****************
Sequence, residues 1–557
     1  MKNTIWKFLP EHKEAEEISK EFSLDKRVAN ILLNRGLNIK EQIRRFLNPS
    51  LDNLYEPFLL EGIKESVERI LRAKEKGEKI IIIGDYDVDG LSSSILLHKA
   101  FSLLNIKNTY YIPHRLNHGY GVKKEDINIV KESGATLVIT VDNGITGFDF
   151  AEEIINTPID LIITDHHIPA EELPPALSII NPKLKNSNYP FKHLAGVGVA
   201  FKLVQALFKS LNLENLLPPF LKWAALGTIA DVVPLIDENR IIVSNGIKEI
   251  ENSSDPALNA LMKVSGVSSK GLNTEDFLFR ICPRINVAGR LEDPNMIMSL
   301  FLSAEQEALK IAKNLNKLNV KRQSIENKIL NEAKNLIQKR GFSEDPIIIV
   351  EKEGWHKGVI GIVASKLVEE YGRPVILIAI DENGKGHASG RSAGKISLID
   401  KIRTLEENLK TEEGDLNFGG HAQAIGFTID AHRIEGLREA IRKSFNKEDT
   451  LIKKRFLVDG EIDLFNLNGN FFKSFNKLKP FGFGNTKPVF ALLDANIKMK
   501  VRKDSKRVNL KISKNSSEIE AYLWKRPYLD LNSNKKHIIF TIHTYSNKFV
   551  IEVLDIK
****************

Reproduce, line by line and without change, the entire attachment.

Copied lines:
Sequence, residues 1–557
     1  MKNTIWKFLP EHKEAEEISK EFSLDKRVAN ILLNRGLNIK EQIRRFLNPS
    51  LDNLYEPFLL EGIKESVERI LRAKEKGEKI IIIGDYDVDG LSSSILLHKA
   101  FSLLNIKNTY YIPHRLNHGY GVKKEDINIV KESGATLVIT VDNGITGFDF
   151  AEEIINTPID LIITDHHIPA EELPPALSII NPKLKNSNYP FKHLAGVGVA
   201  FKLVQALFKS LNLENLLPPF LKWAALGTIA DVVPLIDENR IIVSNGIKEI
   251  ENSSDPALNA LMKVSGVSSK GLNTEDFLFR ICPRINVAGR LEDPNMIMSL
   301  FLSAEQEALK IAKNLNKLNV KRQSIENKIL NEAKNLIQKR GFSEDPIIIV
   351  EKEGWHKGVI GIVASKLVEE YGRPVILIAI DENGKGHASG RSAGKISLID
   401  KIRTLEENLK TEEGDLNFGG HAQAIGFTID AHRIEGLREA IRKSFNKEDT
   451  LIKKRFLVDG EIDLFNLNGN FFKSFNKLKP FGFGNTKPVF ALLDANIKMK
   501  VRKDSKRVNL KISKNSSEIE AYLWKRPYLD LNSNKKHIIF TIHTYSNKFV
   551  IEVLDIK